Solvency II May Erode Corporate Pensions Progress, According to Fitch
Even in a watered-down form the potential application of Solvency II to European occupational pensions could have a significant negative impact on corporate cash flows. This initiative’s insurance-style funding requirements could negate the progress made by European companies in managing pension liabilities in recent years. European Insurance and Occupational Pensions Authority’s (EIOPA) first quantitative impact study (QIS) should provide more clarity, but not until later this year.
While it is hard to see the change not having a material negative effect on corporates, the limited detail on how Solvency II might be applied to pensions has led to widely varying estimates. Coming up with a workable methodology is no simple task because of the sheer variety of private pension arrangements in place in different European countries. EIOPA’s solution is a ‘holistic balance sheet’ that takes into account intangible factors such as pension protection insurance schemes such as the UK’s state-sponsored Pension Protection Fund (PPF) and – where the ultimate responsibility to fund a scheme falls on an employer – the strength of that employer’s covenant.
These intangibles appear on the asset side of the balance sheet along with financial assets held at market value and, potentially, an asset representing payments to be made into the scheme as part of a recovery plan. Giving pension schemes credit for all potential sources of funds is a clever way around the problem of how to deal with different scheme arrangements – although valuing the non-financial assets will be tricky, to say the least.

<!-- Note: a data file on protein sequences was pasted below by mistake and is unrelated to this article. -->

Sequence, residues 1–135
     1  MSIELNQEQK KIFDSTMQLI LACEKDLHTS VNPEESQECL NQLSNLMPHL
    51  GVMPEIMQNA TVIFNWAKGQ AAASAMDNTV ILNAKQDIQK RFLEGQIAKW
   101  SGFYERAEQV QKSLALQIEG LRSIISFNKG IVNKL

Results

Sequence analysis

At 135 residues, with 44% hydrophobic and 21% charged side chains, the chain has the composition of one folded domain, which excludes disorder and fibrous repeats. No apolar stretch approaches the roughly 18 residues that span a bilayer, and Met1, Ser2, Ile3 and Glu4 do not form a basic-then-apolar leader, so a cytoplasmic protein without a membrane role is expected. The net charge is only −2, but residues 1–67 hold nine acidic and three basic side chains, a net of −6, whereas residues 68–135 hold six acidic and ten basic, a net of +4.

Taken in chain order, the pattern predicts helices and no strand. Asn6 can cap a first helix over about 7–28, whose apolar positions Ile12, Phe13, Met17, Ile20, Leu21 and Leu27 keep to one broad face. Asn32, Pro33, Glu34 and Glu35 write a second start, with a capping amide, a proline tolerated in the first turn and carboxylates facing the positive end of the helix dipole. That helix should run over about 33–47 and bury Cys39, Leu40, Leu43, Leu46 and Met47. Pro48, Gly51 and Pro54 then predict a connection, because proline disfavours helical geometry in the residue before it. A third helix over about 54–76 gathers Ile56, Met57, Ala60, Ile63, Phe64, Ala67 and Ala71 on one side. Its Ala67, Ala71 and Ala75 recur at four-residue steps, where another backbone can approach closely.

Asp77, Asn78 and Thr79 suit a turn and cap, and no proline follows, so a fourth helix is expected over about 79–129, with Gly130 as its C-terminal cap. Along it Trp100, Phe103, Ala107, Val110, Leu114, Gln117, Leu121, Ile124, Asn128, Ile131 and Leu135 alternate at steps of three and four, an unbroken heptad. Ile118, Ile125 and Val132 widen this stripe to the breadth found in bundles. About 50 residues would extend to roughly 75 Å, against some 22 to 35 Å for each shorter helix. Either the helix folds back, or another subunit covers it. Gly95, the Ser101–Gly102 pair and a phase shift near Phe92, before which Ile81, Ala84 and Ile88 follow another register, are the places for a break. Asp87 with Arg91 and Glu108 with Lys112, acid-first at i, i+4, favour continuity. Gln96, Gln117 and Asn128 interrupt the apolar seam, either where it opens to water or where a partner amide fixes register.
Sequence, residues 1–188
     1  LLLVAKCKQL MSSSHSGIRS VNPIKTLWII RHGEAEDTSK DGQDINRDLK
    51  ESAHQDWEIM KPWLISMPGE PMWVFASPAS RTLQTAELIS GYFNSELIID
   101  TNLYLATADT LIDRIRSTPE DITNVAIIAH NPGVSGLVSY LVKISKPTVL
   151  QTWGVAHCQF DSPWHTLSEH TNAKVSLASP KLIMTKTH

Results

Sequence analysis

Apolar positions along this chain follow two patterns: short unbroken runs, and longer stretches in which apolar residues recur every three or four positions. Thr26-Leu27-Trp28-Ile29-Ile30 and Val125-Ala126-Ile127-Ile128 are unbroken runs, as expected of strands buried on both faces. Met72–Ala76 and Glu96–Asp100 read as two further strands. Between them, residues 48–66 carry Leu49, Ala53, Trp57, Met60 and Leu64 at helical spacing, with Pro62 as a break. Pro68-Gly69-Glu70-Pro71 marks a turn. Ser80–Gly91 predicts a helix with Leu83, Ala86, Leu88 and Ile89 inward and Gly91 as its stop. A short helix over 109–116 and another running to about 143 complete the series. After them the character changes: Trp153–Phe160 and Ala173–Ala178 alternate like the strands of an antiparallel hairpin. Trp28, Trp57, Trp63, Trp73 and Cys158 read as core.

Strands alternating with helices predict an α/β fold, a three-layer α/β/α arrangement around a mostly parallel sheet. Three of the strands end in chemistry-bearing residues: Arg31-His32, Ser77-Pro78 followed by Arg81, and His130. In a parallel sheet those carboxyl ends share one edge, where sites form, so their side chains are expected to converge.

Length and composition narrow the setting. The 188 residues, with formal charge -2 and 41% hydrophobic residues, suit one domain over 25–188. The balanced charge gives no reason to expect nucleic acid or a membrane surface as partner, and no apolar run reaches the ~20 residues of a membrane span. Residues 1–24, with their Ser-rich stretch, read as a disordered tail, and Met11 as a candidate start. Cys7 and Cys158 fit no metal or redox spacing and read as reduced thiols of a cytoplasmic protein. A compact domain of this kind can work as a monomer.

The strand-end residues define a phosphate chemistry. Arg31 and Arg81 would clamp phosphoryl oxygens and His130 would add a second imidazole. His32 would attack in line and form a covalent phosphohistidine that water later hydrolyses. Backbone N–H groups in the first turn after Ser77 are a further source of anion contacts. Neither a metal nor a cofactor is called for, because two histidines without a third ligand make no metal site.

There is less of a silver lining where liabilities are concerned. The aim of putting occupational pensions on a level playing field with insurance companies makes it very hard to avoid making pension schemes compute liabilities in the same way as an insurance company, in which case liabilities will rise considerably.
One significant change under Solvency II is that insurers discount liabilities using a risk-free interest rate, rather than the rate based on expected return on assets currently used by many schemes in countries such as the UK. However, there is an ongoing debate about adjustments to the liability discount rate under Solvency II and how the impact of spread volatility can best be contained, and this may have a significant impact on liabilities.
A challenge may also arise from the need for additional assets as a capital reserve buffer to ensure the scheme remains fully funded in the face of asset price volatility. Under current proposals for insurance companies under Solvency II, this requires schemes to remain fully funded to deal with all possible outcomes to a conservative one-in-200 probability. Depending on the mix of assets this buffer could equate to a significant proportion of liabilities.
A further key consideration is how assets and liabilities will interact. EIOPA tentatively sets out that a best estimate of liabilities should at least be covered by financial assets, although the latter may include a recovery plan. But it also says that current plans may be subject to revision following the QIS.